I went to see this trailer recently and was given the job after my bid. All the damage you see was caused by the sun dry rotting a 1/2 wide seam of caulk where the rubber roof meets the fibre glass wrap around. Unfortunately, a 7 dollar tube of caulk, ended up costing thousands. The owner had removed most of the interior then decided to have me finish the project. Un-fortunately there are no "before pictures", all I have is what you see below. Please see my other albums by using the pull down menu at the top of the page. Thanks for stopping by. Dan Hellier, NC RV Solutions www.ncrvsolutions.com www.trickmytrailer.org
Date(s): July 26, 2009. Album by Dan Hellier. Photos by Dan Hellier. 1 - 173 of 173 Total. 2956 Visits.
1 Needs all new framework below window, besides floor repair.
4 gas heater removed to f.o.m. (facilitate other maintenance) A little aviation jargon there.
5 bed frame removed, and standing on it's side.
11 Additional water damage in the rear of the trailer, under a bunk, just adjacent to the hot water heater. This area still needs to be opened up for inspection.
12 Close up of the existing paint scheme. Don't think I'll be able to match that. If I could, I might quit my day job.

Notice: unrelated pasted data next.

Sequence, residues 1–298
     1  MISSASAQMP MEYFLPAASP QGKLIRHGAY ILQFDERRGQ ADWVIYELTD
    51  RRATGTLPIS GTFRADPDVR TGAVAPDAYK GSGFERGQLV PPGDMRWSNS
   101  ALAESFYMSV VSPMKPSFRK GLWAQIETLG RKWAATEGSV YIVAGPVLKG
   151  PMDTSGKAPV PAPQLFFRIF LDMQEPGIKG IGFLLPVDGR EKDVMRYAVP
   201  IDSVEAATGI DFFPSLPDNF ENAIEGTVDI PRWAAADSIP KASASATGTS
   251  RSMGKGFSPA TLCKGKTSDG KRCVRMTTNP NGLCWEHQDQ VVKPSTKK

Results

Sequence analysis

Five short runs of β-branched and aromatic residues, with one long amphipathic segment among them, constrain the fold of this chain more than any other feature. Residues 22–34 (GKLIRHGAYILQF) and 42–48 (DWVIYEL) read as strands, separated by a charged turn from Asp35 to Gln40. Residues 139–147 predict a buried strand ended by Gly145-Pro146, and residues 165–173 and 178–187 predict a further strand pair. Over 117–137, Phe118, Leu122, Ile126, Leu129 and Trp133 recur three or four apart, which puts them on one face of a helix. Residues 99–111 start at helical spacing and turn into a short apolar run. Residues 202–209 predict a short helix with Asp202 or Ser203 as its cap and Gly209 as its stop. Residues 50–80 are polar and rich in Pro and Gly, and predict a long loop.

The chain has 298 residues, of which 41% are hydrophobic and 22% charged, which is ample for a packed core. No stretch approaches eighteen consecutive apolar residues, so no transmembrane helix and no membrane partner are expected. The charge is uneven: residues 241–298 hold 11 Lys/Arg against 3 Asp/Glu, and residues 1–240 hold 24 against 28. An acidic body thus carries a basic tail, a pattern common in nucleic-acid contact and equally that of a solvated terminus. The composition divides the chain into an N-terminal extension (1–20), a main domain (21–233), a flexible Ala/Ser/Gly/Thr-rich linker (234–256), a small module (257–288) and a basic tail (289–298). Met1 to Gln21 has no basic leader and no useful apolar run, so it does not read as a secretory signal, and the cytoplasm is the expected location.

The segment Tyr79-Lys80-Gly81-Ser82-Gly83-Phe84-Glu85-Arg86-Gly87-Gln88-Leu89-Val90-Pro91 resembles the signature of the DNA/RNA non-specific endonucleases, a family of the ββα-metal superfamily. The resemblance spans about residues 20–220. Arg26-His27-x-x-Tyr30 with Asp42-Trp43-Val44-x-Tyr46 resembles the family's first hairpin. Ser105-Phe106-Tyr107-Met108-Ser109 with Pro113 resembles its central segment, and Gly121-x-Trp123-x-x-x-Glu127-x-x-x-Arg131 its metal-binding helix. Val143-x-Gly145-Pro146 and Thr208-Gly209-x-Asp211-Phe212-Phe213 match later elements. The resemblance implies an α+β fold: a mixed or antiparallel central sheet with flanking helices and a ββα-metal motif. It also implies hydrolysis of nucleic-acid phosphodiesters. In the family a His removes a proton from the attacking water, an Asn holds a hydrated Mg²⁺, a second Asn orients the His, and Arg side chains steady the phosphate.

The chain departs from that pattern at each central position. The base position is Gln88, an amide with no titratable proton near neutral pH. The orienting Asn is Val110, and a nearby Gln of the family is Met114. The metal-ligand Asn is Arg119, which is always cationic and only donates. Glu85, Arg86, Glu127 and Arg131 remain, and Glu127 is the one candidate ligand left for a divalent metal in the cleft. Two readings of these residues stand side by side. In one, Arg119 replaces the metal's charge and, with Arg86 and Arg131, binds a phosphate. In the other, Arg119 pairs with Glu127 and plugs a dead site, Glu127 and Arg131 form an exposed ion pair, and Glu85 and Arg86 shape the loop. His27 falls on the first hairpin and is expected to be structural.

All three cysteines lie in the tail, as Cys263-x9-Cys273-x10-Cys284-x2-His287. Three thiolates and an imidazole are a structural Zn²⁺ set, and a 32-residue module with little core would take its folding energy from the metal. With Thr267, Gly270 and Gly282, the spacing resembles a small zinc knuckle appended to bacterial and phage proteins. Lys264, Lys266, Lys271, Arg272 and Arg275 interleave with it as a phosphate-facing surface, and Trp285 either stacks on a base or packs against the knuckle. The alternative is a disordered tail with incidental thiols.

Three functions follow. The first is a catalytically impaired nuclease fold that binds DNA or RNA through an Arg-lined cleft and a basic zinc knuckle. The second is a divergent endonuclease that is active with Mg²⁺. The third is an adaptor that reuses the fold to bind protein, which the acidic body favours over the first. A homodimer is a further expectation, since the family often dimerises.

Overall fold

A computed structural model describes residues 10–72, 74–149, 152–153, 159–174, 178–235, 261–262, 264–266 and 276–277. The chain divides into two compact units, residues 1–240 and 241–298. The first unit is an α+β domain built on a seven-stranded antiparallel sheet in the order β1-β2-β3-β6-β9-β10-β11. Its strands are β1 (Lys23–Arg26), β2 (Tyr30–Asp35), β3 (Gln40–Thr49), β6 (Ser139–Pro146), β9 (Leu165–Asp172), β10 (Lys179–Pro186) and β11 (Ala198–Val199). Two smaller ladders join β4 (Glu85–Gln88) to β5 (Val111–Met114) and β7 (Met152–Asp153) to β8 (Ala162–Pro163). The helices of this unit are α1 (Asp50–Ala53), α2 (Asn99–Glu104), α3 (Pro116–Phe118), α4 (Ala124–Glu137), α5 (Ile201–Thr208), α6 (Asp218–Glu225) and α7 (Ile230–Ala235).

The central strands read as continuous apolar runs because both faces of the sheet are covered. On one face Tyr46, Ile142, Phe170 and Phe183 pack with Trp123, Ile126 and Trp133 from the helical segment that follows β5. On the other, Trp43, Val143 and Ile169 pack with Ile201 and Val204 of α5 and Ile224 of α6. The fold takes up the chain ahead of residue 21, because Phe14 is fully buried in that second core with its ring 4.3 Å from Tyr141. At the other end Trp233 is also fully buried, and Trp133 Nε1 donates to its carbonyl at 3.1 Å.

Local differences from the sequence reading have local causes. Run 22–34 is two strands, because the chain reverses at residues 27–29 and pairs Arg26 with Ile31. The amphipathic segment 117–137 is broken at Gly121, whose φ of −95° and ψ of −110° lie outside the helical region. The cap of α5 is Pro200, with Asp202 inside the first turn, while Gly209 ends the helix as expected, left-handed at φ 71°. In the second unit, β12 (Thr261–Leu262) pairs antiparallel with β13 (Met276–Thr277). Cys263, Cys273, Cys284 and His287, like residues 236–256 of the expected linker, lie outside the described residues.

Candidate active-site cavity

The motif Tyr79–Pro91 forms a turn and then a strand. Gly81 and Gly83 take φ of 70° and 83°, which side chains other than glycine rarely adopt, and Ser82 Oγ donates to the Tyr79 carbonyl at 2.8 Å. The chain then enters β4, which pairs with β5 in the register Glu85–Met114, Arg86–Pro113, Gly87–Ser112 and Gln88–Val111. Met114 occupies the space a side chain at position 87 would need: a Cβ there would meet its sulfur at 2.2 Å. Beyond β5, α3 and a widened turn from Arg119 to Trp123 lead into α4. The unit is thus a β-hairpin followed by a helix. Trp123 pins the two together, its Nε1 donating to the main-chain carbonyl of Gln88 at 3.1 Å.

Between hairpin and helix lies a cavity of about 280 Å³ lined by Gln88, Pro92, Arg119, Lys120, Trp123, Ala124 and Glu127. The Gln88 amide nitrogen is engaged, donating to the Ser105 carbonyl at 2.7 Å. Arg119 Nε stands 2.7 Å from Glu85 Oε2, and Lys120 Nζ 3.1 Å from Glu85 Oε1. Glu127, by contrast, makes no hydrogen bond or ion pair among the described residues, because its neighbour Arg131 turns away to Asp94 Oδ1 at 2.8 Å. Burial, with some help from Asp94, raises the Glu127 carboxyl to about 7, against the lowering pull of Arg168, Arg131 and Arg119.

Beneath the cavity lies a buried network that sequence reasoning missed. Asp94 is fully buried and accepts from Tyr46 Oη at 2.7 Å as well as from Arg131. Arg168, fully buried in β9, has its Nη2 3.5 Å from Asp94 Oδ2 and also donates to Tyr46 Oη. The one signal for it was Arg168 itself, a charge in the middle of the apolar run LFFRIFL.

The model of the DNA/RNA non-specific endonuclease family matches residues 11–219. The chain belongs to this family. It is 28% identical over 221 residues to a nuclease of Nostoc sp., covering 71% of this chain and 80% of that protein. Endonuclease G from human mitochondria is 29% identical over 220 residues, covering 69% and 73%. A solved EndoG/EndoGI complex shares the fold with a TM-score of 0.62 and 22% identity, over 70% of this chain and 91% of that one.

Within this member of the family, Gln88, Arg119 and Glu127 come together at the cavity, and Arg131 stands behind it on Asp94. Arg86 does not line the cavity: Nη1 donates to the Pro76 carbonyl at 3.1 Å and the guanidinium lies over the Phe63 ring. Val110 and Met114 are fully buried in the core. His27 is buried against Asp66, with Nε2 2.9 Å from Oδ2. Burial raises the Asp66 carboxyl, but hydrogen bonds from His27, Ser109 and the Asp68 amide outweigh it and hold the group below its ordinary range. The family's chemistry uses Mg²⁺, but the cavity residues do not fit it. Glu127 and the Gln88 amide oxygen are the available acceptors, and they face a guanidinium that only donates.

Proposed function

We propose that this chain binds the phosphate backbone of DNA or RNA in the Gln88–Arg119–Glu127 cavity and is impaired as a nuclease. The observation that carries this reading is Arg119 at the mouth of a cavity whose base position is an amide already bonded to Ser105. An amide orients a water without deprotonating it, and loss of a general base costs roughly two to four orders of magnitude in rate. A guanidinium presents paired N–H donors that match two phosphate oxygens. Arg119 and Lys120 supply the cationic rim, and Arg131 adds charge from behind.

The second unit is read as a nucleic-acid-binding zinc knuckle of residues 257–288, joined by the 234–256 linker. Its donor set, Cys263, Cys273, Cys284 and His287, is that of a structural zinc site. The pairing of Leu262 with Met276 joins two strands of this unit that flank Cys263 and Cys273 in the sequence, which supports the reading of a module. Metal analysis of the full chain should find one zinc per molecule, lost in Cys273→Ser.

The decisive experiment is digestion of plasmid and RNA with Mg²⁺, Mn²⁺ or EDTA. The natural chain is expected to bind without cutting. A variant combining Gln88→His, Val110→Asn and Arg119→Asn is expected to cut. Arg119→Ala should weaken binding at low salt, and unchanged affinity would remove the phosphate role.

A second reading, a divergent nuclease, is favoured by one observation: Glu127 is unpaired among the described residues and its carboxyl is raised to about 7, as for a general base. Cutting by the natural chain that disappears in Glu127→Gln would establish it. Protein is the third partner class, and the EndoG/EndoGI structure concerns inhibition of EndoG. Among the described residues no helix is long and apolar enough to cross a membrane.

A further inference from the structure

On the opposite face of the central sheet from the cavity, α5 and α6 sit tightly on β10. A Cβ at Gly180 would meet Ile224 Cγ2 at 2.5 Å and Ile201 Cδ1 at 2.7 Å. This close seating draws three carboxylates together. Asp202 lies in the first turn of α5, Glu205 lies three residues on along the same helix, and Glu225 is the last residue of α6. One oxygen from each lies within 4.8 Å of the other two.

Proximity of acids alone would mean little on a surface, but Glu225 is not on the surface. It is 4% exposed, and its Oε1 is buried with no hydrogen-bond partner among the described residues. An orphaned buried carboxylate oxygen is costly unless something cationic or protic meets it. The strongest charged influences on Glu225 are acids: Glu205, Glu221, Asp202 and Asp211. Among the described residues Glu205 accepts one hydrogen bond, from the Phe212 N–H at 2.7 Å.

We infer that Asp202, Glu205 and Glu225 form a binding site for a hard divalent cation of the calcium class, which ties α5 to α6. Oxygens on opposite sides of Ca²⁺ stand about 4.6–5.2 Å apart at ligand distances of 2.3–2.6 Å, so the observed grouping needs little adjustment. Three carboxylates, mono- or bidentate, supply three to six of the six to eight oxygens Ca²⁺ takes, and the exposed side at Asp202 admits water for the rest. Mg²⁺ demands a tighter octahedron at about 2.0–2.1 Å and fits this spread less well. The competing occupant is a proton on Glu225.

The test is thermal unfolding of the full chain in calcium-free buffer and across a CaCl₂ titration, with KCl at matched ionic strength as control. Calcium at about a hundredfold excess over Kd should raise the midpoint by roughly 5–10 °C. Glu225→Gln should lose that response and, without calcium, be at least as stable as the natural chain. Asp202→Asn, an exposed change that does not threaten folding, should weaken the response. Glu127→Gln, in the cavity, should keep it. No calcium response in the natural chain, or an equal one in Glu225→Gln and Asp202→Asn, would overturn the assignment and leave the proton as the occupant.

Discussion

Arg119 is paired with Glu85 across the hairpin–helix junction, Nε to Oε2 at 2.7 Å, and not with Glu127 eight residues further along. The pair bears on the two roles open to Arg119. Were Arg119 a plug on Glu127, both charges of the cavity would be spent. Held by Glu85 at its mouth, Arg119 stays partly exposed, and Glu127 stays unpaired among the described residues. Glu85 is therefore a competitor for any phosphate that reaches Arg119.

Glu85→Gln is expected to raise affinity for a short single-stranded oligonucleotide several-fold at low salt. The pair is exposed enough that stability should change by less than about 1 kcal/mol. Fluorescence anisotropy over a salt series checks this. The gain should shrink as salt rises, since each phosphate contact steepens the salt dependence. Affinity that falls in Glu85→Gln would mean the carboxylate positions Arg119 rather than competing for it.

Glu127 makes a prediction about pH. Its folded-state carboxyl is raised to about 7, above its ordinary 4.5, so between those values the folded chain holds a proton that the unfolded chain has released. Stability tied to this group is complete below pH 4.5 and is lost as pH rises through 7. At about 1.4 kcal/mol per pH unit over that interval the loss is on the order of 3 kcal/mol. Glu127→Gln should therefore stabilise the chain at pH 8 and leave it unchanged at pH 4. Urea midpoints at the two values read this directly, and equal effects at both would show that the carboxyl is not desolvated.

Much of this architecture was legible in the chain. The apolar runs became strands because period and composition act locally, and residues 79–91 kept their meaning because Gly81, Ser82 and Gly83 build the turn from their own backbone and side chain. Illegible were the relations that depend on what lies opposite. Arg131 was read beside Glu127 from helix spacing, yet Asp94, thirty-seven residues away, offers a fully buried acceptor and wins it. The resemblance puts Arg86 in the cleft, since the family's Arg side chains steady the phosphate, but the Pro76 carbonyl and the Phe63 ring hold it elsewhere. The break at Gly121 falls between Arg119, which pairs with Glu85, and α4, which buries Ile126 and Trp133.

13 August 1st No wonder the airconditioner vibrates. This was a first for me for seeing this. I see them everywhere else, just not in the "squirrel cage"
14 Another one on the coils
15 Yet another down in the water trough
16 All tucked in for the month.
17 Couldn't quite fit my 30 foot prowler with the 28 foot Sprindale in this picture.
18 Had to come back quite a ways to get past all the rot, also I needed extra space to be able to slide doublers in under existing floor all the way back to the next cross beam.
19 I'm trying to keep this floor area repair relatively small. Unfortunately the a small amount of rot does extend under this cabinet. I will just passify it, and it should be fine.
20 Haven't got to this part yet, maybe tomorrow.
22 August 2nd. Replacing some of the rotten beams. Notice all the others are painted with Kilz primer which should prevent any more Mold. Any areas of small rot were ground out, the area splashed with methyl ethyl ketone, and primer applied.
23 After Kilz was added to the sides of each beam, if you look closely you'll see each beam has a doubler of 1x3 stapled to it. Each doubler starts & stops on a metal crossing beam underneath the bagging.